The first essential is to have good stock. The better the books, the more people will come. We were fortunate that when we started this business in 1971, we came into the secondhand book trade just as a lot of ancient families were dying out and selling grandpa’s books, so we were able to get a respectable stock very cheaply.
For a large bookshop to survive today, you need cheap real estate, or you have to be an institution like Powell’s Books in Portland, Ore., or the Tattered Cover in Denver. They have everything from lunch counters to day care to get families to spend the day at the store. We are here in Archer City, Tex., where we can get buildings for $30,000 to $50,000. If we have two customers a day, it’s like a riot. We’ve had our first significant Chinese customer, and if we stay open another 10 or 15 years, a large part of our clientele will be from overseas.
There are different kinds of bookstores. For example, there’s the high-end store, like the Heritage in Los Angeles used to be. They had one whole room in which no books were admitted unless they were over $5,000. It was a jungle, but it was an expensive jungle. When Brad Pitt finishes a movie and wants to give a director a present, it has to cost $30,000 or $40,000. They’d go to the Heritage. But there are very few places where there’s that surface money, quick money, excess money.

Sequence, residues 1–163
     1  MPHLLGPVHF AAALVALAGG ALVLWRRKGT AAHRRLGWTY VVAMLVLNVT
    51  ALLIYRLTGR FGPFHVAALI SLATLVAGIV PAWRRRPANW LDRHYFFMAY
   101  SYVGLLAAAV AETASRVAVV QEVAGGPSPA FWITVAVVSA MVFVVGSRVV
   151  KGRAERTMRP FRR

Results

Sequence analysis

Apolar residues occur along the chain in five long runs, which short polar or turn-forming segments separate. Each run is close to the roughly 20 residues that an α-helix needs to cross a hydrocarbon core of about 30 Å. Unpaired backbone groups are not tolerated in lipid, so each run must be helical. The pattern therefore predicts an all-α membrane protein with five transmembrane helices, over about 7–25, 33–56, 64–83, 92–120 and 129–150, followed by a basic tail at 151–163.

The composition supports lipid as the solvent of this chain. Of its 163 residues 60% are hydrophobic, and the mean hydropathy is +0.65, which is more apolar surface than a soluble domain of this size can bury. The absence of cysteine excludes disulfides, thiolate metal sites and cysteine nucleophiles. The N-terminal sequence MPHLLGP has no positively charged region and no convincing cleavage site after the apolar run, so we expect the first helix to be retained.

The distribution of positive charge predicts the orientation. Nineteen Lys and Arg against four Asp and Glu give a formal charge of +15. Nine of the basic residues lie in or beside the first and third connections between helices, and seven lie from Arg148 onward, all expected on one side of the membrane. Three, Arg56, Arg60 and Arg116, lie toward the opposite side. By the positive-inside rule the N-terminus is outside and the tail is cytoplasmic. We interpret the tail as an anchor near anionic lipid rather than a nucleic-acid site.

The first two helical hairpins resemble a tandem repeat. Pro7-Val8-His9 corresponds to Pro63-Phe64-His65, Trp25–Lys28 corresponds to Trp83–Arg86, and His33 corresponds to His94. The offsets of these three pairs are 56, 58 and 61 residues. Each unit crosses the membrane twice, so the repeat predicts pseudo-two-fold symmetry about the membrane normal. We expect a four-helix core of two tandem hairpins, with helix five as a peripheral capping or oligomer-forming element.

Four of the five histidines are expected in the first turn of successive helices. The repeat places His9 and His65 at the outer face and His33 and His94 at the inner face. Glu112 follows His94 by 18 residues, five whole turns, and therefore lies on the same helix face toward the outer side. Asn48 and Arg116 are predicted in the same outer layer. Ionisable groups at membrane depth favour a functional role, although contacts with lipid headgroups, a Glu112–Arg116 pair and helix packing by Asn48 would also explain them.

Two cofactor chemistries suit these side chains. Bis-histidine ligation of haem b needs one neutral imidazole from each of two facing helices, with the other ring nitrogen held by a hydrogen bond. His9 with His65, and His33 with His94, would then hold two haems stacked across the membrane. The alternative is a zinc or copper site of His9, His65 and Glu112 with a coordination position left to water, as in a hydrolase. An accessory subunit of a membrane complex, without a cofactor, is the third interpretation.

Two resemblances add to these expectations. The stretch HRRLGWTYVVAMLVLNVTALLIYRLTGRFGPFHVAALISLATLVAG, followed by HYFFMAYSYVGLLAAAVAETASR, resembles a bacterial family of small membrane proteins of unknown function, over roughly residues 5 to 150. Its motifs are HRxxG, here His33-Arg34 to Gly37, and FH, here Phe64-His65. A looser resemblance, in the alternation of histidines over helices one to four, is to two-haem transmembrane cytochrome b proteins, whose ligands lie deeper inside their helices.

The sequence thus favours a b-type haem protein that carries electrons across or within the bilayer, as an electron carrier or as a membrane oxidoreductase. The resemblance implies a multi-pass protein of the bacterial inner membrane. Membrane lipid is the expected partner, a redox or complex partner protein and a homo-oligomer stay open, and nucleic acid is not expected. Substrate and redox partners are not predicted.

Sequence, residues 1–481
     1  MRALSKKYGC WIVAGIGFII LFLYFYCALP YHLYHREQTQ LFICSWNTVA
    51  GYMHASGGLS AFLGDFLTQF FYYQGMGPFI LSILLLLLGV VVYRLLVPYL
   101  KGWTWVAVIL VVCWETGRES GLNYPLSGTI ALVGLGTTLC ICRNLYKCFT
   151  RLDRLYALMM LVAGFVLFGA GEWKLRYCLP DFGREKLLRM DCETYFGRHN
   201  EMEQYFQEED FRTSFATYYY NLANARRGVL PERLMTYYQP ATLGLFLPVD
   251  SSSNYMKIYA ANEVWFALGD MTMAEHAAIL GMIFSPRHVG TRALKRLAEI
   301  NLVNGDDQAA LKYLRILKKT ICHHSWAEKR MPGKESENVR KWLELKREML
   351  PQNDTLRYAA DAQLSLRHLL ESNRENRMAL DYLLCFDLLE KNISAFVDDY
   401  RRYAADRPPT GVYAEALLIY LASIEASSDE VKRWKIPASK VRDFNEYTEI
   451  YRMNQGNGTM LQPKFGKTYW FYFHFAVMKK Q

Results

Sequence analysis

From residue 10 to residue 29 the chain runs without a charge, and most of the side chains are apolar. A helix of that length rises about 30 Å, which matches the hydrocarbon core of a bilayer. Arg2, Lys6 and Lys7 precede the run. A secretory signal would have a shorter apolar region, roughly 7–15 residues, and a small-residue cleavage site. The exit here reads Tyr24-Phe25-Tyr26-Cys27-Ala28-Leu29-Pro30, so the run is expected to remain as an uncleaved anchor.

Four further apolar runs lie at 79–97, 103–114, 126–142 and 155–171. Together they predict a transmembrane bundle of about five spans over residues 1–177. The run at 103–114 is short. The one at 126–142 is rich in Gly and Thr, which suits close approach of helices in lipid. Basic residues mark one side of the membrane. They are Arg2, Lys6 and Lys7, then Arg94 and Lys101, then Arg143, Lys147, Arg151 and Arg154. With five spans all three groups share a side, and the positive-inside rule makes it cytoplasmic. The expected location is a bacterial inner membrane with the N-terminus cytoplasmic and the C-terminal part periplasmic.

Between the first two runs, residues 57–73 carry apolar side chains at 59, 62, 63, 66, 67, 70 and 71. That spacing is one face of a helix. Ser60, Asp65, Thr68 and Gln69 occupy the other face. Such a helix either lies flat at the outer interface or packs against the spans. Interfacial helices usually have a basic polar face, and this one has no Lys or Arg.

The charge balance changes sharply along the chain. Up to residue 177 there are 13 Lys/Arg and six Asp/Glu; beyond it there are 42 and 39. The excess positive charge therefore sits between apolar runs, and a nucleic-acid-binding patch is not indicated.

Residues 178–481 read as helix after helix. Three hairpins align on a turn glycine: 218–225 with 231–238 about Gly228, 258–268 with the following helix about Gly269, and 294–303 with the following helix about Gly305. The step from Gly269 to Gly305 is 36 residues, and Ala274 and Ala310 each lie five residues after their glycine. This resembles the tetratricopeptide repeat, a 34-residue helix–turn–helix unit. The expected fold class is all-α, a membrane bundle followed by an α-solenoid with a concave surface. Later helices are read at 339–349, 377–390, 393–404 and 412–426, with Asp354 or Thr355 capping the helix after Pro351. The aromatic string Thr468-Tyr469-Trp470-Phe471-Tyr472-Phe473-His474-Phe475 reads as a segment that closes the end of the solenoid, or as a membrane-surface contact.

Now, suppose you’re in Berkeley, down the street from one of the country’s great universities. You’re not going to sell the $40,000 Huck Finn. You’re going to provide a high level of general literature and scholarly books in many fields. You are selling $25 books instead of $5,000 books, and you have to sell a lot of them.
Some people don’t like too much order in bookshops and want to feel like they’re finding something. You can have 300,000 books perfectly arranged on the shelf, and every time, people will walk in and want to look at the books stacked up on the floor. So if you really want to sell something, jumble it up and pitch it on the floor.